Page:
Wednesday, December 24, 2014
The Rev. Kealahou C. Alika
[ ...with Kainoa Gates of Kahakuloa, Maui, who joined Kahu in sharing
the evening message by reciting the passage from Luke 2:8-14 ]
Aloha and welcome to Christmas Eve!
I got up this morning, took a deep breath and walked outside my front door to see rain falling in Wailuku. I made my way to the fishpond in my front yard.
I paused for a second and watched as over four dozen orange-colored fish scrambled to the surface in a frenzy for their morning feeding. At that moment I realized that holiday season can often feel like a frenzy – folks jostling one another on shopping expeditions, oblivious to others and sometimes leaving others watching in bewilderment.
That realization was made all the more vivid as we began our preparations for tonight over four weeks ago when we gathered on a quiet Sunday evening to mark the start of the season of Advent. Advent comes to an end tonight but not before we all catch our breaths and wonder what the frenzy was all about.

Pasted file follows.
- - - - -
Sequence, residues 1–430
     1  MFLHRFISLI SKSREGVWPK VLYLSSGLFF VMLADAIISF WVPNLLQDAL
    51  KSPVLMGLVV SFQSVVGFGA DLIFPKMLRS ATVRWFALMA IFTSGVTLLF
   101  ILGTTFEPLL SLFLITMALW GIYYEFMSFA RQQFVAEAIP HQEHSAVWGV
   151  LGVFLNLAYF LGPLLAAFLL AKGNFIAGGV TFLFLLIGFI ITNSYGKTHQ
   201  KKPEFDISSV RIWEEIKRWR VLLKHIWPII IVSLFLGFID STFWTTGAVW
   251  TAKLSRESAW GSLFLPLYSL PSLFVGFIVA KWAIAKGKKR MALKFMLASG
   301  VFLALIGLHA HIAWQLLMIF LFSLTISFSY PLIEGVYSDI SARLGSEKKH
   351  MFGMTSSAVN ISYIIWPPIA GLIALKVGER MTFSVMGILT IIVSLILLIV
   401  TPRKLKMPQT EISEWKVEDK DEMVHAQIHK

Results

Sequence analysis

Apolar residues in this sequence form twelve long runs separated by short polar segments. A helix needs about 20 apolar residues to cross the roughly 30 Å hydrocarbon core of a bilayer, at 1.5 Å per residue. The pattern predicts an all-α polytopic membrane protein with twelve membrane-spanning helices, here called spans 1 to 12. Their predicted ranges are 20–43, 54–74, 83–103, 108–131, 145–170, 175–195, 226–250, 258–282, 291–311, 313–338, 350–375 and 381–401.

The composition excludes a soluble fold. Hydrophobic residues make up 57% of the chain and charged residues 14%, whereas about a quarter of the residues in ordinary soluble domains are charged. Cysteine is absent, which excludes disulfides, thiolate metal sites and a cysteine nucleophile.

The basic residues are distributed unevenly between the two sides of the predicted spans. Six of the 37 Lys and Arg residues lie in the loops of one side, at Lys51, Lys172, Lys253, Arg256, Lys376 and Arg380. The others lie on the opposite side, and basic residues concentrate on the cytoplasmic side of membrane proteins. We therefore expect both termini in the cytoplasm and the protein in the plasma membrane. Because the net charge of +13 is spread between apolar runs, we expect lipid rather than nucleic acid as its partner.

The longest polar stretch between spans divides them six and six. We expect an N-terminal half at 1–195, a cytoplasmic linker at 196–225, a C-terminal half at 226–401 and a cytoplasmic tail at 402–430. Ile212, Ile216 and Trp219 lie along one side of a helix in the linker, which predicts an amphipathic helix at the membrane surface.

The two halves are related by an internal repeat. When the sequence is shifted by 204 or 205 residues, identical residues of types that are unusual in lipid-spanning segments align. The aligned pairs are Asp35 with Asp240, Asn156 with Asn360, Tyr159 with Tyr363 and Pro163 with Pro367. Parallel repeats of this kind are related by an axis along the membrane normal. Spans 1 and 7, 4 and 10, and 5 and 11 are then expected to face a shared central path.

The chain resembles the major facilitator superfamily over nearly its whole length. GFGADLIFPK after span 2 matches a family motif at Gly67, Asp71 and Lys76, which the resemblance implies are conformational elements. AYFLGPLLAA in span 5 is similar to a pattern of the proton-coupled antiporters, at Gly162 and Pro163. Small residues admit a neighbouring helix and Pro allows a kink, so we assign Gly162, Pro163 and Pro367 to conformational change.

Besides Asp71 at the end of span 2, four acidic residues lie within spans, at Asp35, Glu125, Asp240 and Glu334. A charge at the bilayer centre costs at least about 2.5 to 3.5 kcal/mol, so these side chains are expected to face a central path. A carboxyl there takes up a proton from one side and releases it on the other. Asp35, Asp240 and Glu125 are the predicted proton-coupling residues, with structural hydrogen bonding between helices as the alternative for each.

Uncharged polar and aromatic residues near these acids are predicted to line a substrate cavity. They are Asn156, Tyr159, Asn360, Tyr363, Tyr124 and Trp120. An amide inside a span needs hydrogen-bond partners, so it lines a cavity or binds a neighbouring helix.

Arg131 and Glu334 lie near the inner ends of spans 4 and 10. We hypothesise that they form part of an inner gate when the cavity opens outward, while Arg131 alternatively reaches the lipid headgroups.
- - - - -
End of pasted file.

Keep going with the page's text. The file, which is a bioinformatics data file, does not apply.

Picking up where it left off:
The Rev. Lillian Daniel, a United Church of Christ pastor, reminds us that even in the church, we have taken on the rhythm of the world, scurrying about and over-scheduling ourselves. She writes, “In a season that is gear[ed] up to shop, we [ought to] consider what it would mean to stay away and engage the natural world, rather than the world of neon malls and sales. This life [that we are living now] is precious and unpredictable. Its seasons are short. Let us not have it slip away,” she cautions, “only to realize that we spent it shopping.”
My mother was neither a writer nor a poet but she was an orator of sorts who had a way with words. Simple words.
“Remember,” she would say to me as our family gathered for Christmas each year, “Keep still!” With childhood cousins and neighbors aplenty, it was easy for us to lose ourselves away from the adult conversations and into our world of play. “Running around” seemed to be the constant order of the day and evening.